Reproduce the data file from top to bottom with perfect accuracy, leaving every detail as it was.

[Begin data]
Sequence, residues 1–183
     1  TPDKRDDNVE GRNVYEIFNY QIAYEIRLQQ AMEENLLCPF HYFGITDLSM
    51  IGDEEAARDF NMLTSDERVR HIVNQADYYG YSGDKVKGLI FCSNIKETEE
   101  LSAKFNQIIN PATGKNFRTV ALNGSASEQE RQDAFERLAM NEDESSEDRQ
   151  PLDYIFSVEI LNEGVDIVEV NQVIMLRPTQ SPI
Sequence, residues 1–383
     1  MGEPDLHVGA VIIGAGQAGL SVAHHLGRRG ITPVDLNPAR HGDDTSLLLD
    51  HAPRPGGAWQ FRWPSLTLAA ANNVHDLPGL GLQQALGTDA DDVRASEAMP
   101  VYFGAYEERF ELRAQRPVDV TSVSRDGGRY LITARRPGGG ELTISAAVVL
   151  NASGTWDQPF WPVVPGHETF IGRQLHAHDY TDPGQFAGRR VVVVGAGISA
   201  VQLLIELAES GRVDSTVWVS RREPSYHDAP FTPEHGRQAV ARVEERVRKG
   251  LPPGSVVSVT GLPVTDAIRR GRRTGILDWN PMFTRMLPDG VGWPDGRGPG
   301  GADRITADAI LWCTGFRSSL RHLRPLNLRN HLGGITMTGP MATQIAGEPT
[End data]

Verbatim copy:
Sequence, residues 1–183
     1  TPDKRDDNVE GRNVYEIFNY QIAYEIRLQQ AMEENLLCPF HYFGITDLSM
    51  IGDEEAARDF NMLTSDERVR HIVNQADYYG YSGDKVKGLI FCSNIKETEE
   101  LSAKFNQIIN PATGKNFRTV ALNGSASEQE RQDAFERLAM NEDESSEDRQ
   151  PLDYIFSVEI LNEGVDIVEV NQVIMLRPTQ SPI
Sequence, residues 1–383
     1  MGEPDLHVGA VIIGAGQAGL SVAHHLGRRG ITPVDLNPAR HGDDTSLLLD
    51  HAPRPGGAWQ FRWPSLTLAA ANNVHDLPGL GLQQALGTDA DDVRASEAMP
   101  VYFGAYEERF ELRAQRPVDV TSVSRDGGRY LITARRPGGG ELTISAAVVL
   151  NASGTWDQPF WPVVPGHETF IGRQLHAHDY TDPGQFAGRR VVVVGAGISA
   201  VQLLIELAES GRVDSTVWVS RREPSYHDAP FTPEHGRQAV ARVEERVRKG
   251  LPPGSVVSVT GLPVTDAIRR GRRTGILDWN PMFTRMLPDG VGWPDGRGPG
   301  GADRITADAI LWCTGFRSSL RHLRPLNLRN HLGGITMTGP MATQIAGEPT